For the month of October, Harper College Library is collecting new and gently used children’s books that will be donated to the District 214 Community Education Program and the Elk Grove Village Township. You can help give a child the gift of reading by bringing donations into the Harper College Library, or by putting them in donation boxes we have in L building – Liberal Arts Division Office, X building – Health Careers Division Office, F building – Academic Enrichment and Language Studies Division Office, M building – Wellness and Human Performance Division Office, and W building in the employee lunchroom.
Help us reach our goal of donating 1,600 books for the 16th anniversary of the Children’s Book Drive.
Long before the “No Child Left Behind” literacy initiative, a librarian of the Boy Scouts of America, Franklin K. Mathiews, realized the importance of childhood literacy and believed that the first step was to expose children to quality books. Through his passion Children’s Book Week was launched in 1919 amidst the Black Sox scandal, a world-wide flu epidemic, vaudeville, speakeasies, and a number one fiction book entitled, The Four Horsemen of the Apocalypse. (With a purchase price of $1.90 most publishers thought it would never sell, but the people proved them wrong!) Reading became a popular pass-time for young and old alike, and has continued to be for generations!
Since 1944 the Children’s Book Council (CBC) has overseen the annual Children’s Book Week, our nation’s longest-running literacy event. This year it is being celebrated May 11-17. Schools, libraries, and book stores will be running special programs and activities to encourage young people to experience new worlds and challenge imaginations through the written word. CBC is sponsoring its second annual Children’s Choice Book Awards. Favorite book finalists were chosen by nearly 15,000 children and teenagers, and votes for the winners can be cast at www.BookWeekOnline.com through May 3rd. The highlight of Children’s Book Week will be the Children’s Choice Book Awards Ceremony on May 12th in New York City, and will include an Impact Award to Whoopi Goldberg in recognition of her contributions in promoting literacy and the love of reading.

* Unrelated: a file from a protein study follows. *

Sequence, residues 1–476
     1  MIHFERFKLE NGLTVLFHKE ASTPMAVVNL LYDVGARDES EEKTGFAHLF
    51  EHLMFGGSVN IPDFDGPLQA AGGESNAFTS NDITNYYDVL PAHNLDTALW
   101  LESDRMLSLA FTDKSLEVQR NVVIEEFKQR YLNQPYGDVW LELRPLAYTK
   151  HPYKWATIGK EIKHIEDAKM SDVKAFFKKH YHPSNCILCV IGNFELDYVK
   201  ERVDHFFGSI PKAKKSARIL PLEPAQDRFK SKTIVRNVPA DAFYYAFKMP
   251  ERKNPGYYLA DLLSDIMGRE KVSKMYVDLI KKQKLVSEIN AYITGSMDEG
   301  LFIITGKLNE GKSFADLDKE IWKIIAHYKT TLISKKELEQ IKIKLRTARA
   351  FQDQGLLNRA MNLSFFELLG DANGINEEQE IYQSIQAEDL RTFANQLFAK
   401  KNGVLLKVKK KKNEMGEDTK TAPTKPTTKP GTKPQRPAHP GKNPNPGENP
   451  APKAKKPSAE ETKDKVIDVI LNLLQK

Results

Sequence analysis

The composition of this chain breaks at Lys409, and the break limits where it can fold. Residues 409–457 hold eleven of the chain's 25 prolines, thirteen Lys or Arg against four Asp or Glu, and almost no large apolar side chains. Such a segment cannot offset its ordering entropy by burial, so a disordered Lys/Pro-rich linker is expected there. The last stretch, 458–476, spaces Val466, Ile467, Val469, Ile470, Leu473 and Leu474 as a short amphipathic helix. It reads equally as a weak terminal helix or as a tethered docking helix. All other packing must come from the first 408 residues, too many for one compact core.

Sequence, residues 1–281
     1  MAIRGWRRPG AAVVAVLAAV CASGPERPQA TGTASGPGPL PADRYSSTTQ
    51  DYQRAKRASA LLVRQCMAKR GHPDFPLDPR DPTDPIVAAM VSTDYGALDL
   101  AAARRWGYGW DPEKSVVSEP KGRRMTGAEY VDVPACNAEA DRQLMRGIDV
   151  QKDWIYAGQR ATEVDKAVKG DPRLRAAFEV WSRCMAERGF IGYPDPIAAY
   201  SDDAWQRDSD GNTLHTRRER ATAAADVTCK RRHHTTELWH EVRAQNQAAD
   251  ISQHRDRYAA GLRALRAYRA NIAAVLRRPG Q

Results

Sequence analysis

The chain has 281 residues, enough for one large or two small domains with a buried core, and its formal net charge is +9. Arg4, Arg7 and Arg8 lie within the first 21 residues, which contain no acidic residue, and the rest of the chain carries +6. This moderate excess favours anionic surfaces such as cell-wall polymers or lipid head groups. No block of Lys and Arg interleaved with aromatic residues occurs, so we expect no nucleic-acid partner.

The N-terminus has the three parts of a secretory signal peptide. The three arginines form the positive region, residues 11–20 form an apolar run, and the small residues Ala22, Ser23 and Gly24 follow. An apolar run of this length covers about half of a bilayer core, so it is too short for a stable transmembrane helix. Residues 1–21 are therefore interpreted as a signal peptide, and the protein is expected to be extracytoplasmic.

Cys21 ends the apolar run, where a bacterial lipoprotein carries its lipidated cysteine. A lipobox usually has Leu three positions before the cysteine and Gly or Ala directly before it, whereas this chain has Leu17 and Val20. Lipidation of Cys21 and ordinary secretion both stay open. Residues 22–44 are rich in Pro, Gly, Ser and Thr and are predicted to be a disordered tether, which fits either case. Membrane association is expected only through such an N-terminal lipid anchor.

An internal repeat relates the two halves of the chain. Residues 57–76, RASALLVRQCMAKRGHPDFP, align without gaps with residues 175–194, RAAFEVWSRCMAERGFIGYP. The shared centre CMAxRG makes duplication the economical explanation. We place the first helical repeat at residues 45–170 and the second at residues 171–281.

This is a wonderful time to take a moment to browse the Children’s Literature Section in the lower level of Harper College Library. Relax in the rocking chair and enjoy the many award winning books, including the newest Caldecott winner, The House in the Night, illustrated by Beth Krommes and written by Susan Marie Swanson. Upstairs in the library are two other 2009 award winning titles: The Graveyard Book, by Neil Gaiman (Newbery Medal), and We are the Ship: The Story of Negro League Baseball, by Kadir Nelson (Coretta Scott King Author Award). A list of Newbery and Caldecott Medal books is posted in the Children’s Literature section and in the PZ7 section upstairs in the main stacks.
Savor your freedom to imagine, explore, and READ!
Thanks to all of you for your generous donations for this year’s Kids Read! 15th Annual Book Drive. With your help we were able to collect 1641 books–over and above our goal of 1500 children’s books. We will be delivering the donated books to District 214 Community Education Program and Elk Grove Village Township.
Thanks once again for helping families in need!